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Of course I’ve already declared my clear personal bias for Belle Pente, but this really is one of my favorite Oregon whites. Originally, this wine was restaurant-only, and sold in keg form. I read in one article that it sold for $8 a glass and $20 for a half-lifer carafe- which is RIDIC- in a perfect way. So well-priced. I would love to share a carafe of this wine, bistro-style, for $20. It sounds too good to be true to me. In any case, this wine in bottle form sells for $18. I purchased it at the winery, and honestly I don’t know if any retailers carry it. They very well could, I just don’t know personally. If you’re local, I of course suggest bringing yourself down to Carlton to buy some at the winery. If you’re not, you’ll have to get a plane ticket. But its cool, you’ll be happy you did.

Gah! I know I’m a day behind right now, but I’m trying my best to wrap up the Thirty Grapes project in the best way possible. Seriously, I’m TRYING. Cheers!

 

Forlorn Hope “Ost-Intrigen” St. Laurent, 13 California

So, I’ve had a total wine crush on the Forlorn Hope wines for MONTHS.

a-secret-crush

Maybe it was because (at the time) in South Carolina, they were not available. Maybe it was because they were literally all I saw on Delectable for months. Maybe it was because I went to the website to tempt myself into ordering some and most (almost all) were sold out. Maybe it was because the “another rare creature” line is so. damn. alluring. Whatever it was, I had to have one of these. I would stop at nothing.

I figured I’d come across some in Portland, because Portland is, well- Portland. And has great distribution. And just my luck- I went to a tasting on 12/12 at Storyteller Wine Co and stumbled into several Forlorn Hope options. I was very torn. I wanted them all. But I settled on the St. Laurent. I know I’ll be going back for the Picpoul at some point, if its still available.

You rare little bastard, you!

You rare little bastard, you!

So, the rarity factor with these wines is what makes them impossible to resist. At least for us wine people. When I hear that someone is producing St. Laurent in Carneros, my ears perk up. Must have. Need. So, the biggest question is; when you have a faraway crush for so long, will it live up to the hype? Certainly when these crushes are in human form, they almost never do. That’s why I’ve switched to wine crushes, FYI.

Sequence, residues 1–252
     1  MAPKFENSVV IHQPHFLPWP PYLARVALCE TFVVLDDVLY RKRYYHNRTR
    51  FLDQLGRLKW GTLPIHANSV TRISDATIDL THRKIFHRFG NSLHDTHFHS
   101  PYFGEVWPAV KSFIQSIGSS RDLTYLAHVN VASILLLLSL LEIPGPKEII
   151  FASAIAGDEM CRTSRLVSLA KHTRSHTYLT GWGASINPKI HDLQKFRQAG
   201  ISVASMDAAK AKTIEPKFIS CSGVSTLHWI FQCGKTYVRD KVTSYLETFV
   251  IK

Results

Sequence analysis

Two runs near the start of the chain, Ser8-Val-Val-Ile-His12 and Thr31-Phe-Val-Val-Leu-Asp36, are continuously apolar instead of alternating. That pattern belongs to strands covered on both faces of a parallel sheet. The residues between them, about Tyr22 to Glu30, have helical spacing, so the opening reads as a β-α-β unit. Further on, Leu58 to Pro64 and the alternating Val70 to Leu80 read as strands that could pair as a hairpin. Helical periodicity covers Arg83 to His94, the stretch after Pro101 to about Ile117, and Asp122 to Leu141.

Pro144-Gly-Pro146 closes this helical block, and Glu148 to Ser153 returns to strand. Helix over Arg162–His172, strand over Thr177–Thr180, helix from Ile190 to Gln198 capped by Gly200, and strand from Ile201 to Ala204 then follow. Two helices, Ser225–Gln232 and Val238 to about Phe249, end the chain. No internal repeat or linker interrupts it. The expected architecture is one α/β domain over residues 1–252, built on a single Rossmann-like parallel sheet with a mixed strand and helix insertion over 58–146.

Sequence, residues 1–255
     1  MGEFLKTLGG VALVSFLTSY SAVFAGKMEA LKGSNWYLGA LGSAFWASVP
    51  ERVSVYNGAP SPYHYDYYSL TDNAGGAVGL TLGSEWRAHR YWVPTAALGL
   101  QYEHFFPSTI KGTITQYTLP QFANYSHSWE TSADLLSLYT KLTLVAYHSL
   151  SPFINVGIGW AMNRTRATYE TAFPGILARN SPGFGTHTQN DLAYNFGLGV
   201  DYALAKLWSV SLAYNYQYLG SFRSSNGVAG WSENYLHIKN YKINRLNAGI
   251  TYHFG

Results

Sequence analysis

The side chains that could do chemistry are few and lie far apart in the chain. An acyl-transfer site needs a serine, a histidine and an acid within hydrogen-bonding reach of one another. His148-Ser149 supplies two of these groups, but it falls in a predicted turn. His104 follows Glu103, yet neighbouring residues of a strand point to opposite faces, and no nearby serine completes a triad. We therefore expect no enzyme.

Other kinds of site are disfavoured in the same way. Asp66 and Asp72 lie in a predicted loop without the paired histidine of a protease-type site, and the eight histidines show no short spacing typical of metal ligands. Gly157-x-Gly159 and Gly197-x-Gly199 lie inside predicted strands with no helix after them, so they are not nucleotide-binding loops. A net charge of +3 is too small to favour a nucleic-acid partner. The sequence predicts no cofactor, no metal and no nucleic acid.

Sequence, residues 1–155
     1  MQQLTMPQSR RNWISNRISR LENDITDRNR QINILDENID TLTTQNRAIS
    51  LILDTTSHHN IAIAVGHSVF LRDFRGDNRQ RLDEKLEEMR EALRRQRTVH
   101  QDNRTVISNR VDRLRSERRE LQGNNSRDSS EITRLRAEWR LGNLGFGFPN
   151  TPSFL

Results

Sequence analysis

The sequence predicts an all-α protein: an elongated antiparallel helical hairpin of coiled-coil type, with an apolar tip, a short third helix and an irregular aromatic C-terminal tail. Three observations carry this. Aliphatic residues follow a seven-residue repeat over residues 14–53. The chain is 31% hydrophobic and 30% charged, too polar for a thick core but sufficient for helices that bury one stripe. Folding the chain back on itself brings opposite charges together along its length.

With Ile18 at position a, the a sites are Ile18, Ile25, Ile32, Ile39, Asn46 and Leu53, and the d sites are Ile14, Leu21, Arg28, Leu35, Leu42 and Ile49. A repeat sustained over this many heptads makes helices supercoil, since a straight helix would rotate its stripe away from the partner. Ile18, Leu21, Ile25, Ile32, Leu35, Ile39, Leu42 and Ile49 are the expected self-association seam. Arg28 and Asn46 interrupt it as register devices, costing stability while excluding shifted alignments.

Right off the bat, I am enamored of the nose on this wine. Its bright and fun and flirty. Almost like a Pinot Noir. But there’s something far more savory at work here…

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Color & density-wise, this wine seems very varietally correct. I’ve written about St. Laurent in the past and found a few that I genuinely loved. This one is a bit leaner, more chiseled than past Austrian incarnations I’ve experienced. The nose is all sour cherry, but perhaps a cross between a raw sour cherry and a sour cherry compote. Some enigmatic red floral notes are hiding in the background, as well as deeper, earthier tones of peat moss, lavender, thyme, and sage. All of this is set off by a bright streak of citrus peel. Low alcohol (11.43%) make this a very buoyant wine, on the palate. Frisky and accessible, but with enough complexity to keep you interested. It drinks with frightening ease.

Balls of meat.

Balls of meat.

I made lamb meatballs this evening, and I think the high acid in this wine and its savory elements will be quite delightful with them. I’m about to find out.

Its fun to mention that Forlorn Hope winemaker Matthew Rorick makes the *only* 100% St. Laurent in California. The grapes are sourced from the Ricci Vineyard, owned by Dale Ricci, and originally planted as something of an experiment. Whole cluster fermented with 10 months in (old) barrels. Just 24 cases were produced in the 2012 vintage; in 2013, it jumped to 237- probably the only reason I got to have any.

For what its worth, a far more creative and brilliant individual than I, Hawk Wakawaka Wine Reviews, has written much about the 2012 vintage of this wine here and here. Do yourself a favor and go check them out. Speaking of crushes… I love everything Elaine does. Spend a few hours on her site and you’ll see why.

Before I sign off, MERRY CHRISTMAS to all friends near and far! My first Christmas Eve in Oregon has been wonderful. The sun came out, and I went tasting at Adelsheim….

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It didn’t suck at all. I dropped in on the O’Donnell’s and was treated to a dozen freshly lain eggs from the farm. Now I sit in my flannel pants listening to Vince Guaraldi while my meatballs simmer.

Quite content, I am.

 

This wine was purchased at Storyteller Wine Company for $28. 

If you go see James at Morganelli’s in Columbia SC, he may have some Forlorn Hope wines available. No promises, though.